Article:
Kevin Rose, the founder of Digg, threw in the towel on Tuesday night.
By that point, Digg executives had spent hours in a fruitless battle to remove repeated posts to the community news Web site that contained a key needed to crack the AACS (Advanced Access Content System) encryption used to limit copying of HD-DVD and Blu-ray discs. The company began removing the posts after it received a cease-and-desist letter from another company claiming these posts violated its intellectual property rights.
As soon as Digg removed one post with the AACS key, another one popped up. And then another one and another. In the end, Rose gave up and announced in a Digg blog post that the company would no longer fight its users over the issue.
“You’d rather see Digg go down fighting than bow down to a bigger company. We hear you, and effective immediately we won’t delete stories or comments containing the code and will deal with whatever the consequences might be,” Rose wrote.
“If we lose, then what the hell, at least we died trying,” Rose wrote. His post did not name the source of the cease and desist letter, but the letter likely came from the AACS Licensing Administrator (AACSLA), which oversees the encryption technology.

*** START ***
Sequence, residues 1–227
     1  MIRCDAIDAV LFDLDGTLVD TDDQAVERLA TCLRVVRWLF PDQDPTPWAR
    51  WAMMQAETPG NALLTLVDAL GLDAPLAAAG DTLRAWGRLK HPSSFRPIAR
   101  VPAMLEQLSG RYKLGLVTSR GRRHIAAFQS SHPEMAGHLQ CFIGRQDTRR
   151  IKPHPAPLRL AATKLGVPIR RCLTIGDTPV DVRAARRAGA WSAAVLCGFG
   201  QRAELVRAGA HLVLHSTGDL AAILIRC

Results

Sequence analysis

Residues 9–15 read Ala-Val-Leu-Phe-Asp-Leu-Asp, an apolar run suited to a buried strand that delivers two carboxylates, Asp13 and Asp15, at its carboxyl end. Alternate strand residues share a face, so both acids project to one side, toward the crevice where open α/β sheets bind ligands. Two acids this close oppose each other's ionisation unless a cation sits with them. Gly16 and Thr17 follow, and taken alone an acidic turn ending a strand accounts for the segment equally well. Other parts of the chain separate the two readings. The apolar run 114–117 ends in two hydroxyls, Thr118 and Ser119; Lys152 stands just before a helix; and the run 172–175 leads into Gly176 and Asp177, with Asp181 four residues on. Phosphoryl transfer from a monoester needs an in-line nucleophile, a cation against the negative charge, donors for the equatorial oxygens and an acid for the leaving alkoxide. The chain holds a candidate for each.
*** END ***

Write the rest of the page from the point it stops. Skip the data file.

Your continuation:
Why the AACS key, which has been available online for months, should be the focus of so much attention on the Digg site was not immediately clear. But AACSLA apparently wants the key removed from Web sites.
“The people who control AACS, the copy protection technology used on HD-DVD and Blu-ray discs, are apparently trying to shut down Web sites that publish a certain 128-bit integer,” Ed Felten wrote on Freedom to Tinker, in a May 1 posting to his blog. Felten is a professor of computer science and public policy at Princeton University.
Those efforts are unlikely to succeed, given the widespread availability of the key online. “The key will inevitably remain available, and AACSLA are just making themselves look silly by trying to suppress it,” Felten wrote.
Digg and AACSLA executives could not immediately be reached for comment.
This story, "Users force Digg to stand firm on AACS encryption key" was originally published by PCWorld.